“Sorry?,” I finally said. I wasn’t sorry. I was in love.

“So my name’s Helena and my father is Bracket, the guy who owns everything, and he likes your work and said I should talk to you about coming over to one of his par-tays.” She said it like that, either out of shyness or making fun of her father which probably related to some lifelong family issues that probably took years of therapy and many thousands of their many thousands of thousands of dollars.

I stood up, clumsily, and put my hand out. “I’m Henry. Folks call me Huck.”

“I know,” she said, smiling.

“Right,” I said, and I sat back down. “Sit?” I gestured to the chairs. I looked back at my Huevos Rancheros, steaming at me. They didn’t look patient.

She sat, and spoke in the way you speak to a child who isn’t listening. Patiently, in an impatient way. “He likes your writing. Come to a party. I’ll be there.”

I’d been to rich people’s parties in big usually ugly tasteless unhappy houses and always felt like a cardboard cut out. “I don’t know…I’m pretty busy.” What I meant was I was pretty tired and needed a rest, not a party where I felt like a cardboard cut-out.

“He just wants to meet you.” I decided no would be easier and safer in the way poor hard-working people decide not to waste their time. I wasn’t ambitious in the way of rags-to-riches stories where some brash young man, he was always a man, sidles up to a complacent old rich man, it was always a man, and takes over and becomes rich. I was poor in the way that I had to get back to work in just 15 minutes and I was thinking about my Huevos.

“It’s next week,” she said. “Tuesday. I won’t take no for an answer. It’s at his place below the mountain, you’ll like it, nice people, good food, it’s beautiful, you’ll have a good time. He has fancy furniture and big ugly paintings worth more than you make in a year.”

I’m not sure if she said that last bit, I think I was imagining the mansion.

“I’ll hang out with you,” she said, for sure. That was nice, then I wouldn’t be all alone. I didn’t like being all alone around people other than myself, and I didn’t like that much either. “I’ll pick you up.”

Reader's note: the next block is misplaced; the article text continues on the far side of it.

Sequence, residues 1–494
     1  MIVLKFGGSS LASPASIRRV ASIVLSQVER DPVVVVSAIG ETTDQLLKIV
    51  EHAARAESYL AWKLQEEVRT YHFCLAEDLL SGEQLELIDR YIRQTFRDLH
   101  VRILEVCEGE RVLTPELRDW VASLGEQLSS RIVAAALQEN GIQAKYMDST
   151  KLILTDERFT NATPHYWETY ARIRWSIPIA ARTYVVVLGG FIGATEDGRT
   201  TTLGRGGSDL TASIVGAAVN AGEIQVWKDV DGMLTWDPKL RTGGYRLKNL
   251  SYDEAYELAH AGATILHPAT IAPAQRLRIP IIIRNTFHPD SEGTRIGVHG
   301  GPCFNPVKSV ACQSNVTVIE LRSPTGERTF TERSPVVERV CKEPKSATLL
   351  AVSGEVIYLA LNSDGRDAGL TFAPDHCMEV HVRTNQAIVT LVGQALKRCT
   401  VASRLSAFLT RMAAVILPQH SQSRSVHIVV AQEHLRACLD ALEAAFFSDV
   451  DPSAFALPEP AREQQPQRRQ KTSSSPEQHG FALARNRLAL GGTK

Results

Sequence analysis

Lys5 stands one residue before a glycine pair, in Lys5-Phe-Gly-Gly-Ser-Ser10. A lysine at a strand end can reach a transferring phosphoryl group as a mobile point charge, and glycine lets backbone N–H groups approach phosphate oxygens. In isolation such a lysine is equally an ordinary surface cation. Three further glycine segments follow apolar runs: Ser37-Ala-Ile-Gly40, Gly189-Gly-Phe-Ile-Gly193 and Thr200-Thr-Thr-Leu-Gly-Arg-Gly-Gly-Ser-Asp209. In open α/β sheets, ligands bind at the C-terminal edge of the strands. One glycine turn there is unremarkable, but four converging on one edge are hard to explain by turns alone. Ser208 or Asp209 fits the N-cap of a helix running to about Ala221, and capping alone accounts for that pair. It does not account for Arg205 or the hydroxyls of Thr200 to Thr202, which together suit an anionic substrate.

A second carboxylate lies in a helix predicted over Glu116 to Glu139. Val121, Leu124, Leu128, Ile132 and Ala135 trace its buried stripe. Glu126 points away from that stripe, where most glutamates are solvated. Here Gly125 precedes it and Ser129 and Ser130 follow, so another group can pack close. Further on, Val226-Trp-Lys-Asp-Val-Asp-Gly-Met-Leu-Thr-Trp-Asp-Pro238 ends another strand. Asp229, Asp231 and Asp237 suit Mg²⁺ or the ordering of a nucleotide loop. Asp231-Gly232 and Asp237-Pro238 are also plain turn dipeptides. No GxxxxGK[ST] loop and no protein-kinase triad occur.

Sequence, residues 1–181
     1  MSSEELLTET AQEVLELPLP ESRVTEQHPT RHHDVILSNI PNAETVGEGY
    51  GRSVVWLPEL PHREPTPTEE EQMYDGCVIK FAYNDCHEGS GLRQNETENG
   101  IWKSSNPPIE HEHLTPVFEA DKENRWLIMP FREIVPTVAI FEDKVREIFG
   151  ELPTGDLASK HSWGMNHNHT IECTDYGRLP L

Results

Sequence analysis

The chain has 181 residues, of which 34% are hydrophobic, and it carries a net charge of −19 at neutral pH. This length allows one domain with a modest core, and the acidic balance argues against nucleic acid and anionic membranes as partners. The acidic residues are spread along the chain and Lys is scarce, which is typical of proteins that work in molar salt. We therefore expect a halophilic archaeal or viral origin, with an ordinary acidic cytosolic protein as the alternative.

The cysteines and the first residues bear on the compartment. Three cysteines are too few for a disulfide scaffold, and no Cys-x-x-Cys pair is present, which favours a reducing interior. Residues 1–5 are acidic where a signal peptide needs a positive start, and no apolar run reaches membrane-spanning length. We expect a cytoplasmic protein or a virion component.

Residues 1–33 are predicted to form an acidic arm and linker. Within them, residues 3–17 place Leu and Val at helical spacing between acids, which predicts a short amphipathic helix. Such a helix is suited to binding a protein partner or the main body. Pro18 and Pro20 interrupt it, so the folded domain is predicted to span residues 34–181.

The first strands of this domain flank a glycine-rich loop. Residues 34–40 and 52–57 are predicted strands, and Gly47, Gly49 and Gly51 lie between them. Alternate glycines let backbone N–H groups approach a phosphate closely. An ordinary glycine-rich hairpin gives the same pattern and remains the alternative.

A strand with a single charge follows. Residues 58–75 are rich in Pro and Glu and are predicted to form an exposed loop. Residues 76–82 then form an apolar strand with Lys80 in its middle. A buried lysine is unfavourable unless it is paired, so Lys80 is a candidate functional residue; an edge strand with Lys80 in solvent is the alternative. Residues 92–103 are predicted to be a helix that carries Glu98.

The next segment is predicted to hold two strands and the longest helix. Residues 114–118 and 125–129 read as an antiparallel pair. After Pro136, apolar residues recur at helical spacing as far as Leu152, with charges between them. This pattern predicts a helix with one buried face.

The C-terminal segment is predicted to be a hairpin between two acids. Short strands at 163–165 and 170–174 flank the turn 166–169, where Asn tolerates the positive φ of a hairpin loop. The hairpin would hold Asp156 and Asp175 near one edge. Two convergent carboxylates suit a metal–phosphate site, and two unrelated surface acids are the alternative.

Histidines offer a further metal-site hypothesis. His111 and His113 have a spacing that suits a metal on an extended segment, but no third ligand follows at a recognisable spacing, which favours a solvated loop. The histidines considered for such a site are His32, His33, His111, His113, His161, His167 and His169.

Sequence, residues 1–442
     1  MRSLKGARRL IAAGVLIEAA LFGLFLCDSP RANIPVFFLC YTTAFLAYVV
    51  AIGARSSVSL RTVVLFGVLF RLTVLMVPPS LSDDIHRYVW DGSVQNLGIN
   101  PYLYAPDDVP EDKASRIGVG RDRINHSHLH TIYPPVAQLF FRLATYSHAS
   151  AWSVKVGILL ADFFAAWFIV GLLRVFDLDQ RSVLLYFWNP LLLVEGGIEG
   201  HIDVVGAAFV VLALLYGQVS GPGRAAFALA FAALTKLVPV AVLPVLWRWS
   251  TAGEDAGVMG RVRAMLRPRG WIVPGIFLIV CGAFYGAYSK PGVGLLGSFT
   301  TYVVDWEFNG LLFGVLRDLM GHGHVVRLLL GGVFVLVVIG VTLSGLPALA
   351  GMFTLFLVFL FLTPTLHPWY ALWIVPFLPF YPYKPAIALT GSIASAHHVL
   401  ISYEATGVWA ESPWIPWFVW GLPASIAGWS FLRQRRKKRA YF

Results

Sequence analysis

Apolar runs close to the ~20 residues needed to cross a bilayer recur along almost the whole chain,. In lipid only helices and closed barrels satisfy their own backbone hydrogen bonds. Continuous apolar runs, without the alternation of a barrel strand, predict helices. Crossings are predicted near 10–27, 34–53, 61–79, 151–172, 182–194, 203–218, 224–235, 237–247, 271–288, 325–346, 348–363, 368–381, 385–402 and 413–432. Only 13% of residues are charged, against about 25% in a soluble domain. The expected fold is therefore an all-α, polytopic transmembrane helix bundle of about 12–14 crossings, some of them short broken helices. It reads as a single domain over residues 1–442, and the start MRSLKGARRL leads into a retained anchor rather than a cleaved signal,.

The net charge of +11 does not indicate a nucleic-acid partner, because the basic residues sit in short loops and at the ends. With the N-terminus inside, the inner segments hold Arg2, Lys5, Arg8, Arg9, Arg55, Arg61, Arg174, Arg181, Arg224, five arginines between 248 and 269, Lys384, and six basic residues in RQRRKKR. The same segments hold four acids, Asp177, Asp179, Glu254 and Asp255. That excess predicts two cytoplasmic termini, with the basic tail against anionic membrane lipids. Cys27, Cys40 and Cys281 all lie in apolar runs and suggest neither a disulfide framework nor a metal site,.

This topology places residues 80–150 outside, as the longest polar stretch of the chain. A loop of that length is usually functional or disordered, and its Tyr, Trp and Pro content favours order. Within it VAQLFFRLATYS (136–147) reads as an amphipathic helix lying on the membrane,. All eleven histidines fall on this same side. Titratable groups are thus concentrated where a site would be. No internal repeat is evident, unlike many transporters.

“I’ll bike there,” I said, giving in. “Just text me the info.” And I gave her my number and she texted me her name and the date and time of the party. And she walked away and I started falling in love with her all over again but then I remembered she was too good for me and my Huevos were getting cold.

So I’m in the cabin on the little mountain surrounded by angry whitegrayblue ocean with my boat tucked into a cove that itself used to be a hill. And I’m talking with an old person in a world that doesn’t have old people, anymore. We don’t allow it. You live to 20, maybe 22 or 25 if you’ve been good, and then, well, you know.

Huck liked to talk, like many old people do. They’ve been left alone, their best friend had died, their other friends had died, their spouse had died, their children had died, their grandchildren had probably died, the world had died—and they were left sitting in a comfortable faded-red wingback armchair with a quiet fire in the fireplace on a hill in an ocean where his neighborhood used to be.

To be fair, Huck had a nice talking voice. A little bit of an accent, and a joy in the words, as he recalled the old world that was gone that I’d only heard about. I knew the old world had happened, but we never saw movies about it or read about it. There were no movies and no one knew how to read. The new world wasn’t new to us, it was just life.